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Bangladeshi Woman Divorces Husband on Wedding Day in Protest

Bangladeshi Woman Divorces Husband on Wedding Day in Protest

 

Written by Rezwan, Global Voices

For centuries dowry has been part of the social system in many parts of the world and in developing countries it is seen as a financial burden for the bride’s family. In several South Asian countries it has been prohibited by law in the past century, but dowry is still widely and illegally practiced.

Each year we hear about dowry-related domestic violence which may end up in the killing of wives by some husbands. A recent protest against dowry is being much discusses and lauded in the social networks in Bangladesh.

11/11/11 was chosen as the dream wedding date of the bride Farzana Yasmin, who works in an insurance company, and the bridegroom Shawkat Ali Khan Hiron, who is a head master of a government primary school. The wedding duly took place last Friday [bn], but during the reception Farzana’s in-laws demanded a TV set, refrigerator, motorbike and a few more things as ‘gifts’ from the bride’s family in presence of the guests.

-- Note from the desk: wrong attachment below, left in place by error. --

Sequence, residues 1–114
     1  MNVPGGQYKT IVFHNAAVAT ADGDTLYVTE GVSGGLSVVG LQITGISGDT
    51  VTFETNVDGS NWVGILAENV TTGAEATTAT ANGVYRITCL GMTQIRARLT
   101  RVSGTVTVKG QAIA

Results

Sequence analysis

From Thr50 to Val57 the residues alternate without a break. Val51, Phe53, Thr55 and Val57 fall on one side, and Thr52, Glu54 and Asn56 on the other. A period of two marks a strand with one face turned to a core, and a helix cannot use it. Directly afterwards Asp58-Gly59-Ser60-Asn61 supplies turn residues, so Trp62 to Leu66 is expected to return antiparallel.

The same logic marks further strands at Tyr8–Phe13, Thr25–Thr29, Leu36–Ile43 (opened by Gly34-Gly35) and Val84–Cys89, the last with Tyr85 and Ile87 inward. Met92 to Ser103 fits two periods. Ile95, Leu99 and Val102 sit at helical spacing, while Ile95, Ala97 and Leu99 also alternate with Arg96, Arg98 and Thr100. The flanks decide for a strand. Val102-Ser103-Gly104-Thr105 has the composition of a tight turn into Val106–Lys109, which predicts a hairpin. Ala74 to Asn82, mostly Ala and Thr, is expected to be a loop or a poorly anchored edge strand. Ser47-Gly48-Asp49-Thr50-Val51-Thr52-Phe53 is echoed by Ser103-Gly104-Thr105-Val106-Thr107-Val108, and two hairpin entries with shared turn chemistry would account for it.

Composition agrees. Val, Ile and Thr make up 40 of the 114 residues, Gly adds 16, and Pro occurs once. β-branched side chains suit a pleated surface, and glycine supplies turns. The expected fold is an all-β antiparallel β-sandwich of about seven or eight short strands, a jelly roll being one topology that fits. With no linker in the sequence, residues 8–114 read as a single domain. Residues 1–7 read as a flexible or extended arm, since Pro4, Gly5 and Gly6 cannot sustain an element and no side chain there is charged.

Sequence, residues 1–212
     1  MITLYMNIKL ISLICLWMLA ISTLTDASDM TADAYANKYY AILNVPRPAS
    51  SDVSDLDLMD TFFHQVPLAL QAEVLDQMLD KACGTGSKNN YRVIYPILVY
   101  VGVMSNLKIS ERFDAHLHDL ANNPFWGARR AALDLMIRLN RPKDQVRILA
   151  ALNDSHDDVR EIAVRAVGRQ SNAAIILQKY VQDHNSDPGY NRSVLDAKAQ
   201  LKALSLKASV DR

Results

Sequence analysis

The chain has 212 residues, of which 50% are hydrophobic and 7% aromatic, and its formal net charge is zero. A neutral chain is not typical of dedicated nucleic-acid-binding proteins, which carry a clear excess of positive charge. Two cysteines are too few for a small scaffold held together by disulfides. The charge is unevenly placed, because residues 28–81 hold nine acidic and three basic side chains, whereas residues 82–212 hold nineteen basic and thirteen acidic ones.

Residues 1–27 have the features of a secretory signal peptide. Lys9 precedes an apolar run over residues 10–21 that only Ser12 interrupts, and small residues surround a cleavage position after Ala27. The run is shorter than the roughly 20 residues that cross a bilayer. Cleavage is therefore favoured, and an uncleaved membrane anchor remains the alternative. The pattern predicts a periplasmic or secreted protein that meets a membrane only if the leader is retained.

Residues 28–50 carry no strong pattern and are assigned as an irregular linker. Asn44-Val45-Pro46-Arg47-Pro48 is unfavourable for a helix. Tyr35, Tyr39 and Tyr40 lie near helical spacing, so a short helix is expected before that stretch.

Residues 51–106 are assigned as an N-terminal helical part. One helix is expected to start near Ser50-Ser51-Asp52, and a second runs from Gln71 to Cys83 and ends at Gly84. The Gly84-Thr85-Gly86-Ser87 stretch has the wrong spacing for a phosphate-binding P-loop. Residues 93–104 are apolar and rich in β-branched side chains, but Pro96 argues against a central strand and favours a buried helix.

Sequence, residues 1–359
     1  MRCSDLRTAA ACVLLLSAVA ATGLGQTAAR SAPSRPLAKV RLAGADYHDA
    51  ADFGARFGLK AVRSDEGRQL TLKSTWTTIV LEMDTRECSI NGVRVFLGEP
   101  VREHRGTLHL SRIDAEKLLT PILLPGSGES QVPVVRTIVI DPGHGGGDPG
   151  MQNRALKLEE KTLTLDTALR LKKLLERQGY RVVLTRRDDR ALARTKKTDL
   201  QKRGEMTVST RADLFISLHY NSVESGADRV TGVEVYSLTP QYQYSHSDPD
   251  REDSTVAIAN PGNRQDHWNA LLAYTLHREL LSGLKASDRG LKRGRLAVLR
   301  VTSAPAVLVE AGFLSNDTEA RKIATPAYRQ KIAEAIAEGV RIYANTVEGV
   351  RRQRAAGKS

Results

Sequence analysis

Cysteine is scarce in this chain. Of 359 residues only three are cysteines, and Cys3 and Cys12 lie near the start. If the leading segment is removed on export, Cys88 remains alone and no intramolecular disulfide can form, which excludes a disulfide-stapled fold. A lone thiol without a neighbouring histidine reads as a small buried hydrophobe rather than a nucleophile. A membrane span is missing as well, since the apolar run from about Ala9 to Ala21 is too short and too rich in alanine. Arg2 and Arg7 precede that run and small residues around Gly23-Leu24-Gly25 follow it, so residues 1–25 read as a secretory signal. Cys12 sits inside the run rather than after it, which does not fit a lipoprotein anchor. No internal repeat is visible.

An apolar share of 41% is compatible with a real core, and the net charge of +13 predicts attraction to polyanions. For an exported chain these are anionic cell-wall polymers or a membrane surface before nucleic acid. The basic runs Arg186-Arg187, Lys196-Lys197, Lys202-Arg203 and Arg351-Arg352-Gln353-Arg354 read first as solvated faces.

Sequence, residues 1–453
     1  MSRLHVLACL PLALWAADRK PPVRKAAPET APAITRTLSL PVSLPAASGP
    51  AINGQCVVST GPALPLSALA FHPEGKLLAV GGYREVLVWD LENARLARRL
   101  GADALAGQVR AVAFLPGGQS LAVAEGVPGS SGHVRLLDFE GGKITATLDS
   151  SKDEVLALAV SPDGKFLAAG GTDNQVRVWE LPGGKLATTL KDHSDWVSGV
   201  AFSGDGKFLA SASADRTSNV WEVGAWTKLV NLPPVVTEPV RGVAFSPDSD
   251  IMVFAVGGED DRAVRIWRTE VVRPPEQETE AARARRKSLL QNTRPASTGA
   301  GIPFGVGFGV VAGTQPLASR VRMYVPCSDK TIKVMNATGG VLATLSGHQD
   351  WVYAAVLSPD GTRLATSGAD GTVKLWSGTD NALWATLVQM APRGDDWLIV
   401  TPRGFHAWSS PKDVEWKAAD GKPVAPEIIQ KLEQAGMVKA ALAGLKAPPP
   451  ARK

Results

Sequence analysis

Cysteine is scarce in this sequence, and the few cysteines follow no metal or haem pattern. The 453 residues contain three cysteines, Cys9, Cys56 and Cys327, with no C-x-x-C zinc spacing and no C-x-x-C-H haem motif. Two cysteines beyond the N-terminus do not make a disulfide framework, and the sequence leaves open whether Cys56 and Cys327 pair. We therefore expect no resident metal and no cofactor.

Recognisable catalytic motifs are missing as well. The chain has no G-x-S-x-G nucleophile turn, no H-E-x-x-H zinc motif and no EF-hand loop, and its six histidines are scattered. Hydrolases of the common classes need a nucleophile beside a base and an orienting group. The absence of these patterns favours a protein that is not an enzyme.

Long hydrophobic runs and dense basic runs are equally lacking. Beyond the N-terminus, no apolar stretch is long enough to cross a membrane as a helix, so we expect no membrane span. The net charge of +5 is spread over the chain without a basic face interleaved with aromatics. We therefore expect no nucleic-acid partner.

The bride was stunned to see that her new husband was voicing support for their demands and sent ripples across the country by divorcing him right at the wedding. The relatives of the bridegroom tried to solve the dispute into the night but Farzana stuck to her word.

The bridegroom later wrote in a Facebook status that the truth is that his marriage ended and he apologized to the guests. He also claimed that he did not ask for a dowry. He then launched a smear campaign [bn] against the bride on Facebook. Netizens widely protested this and the hate filled posts were later removed.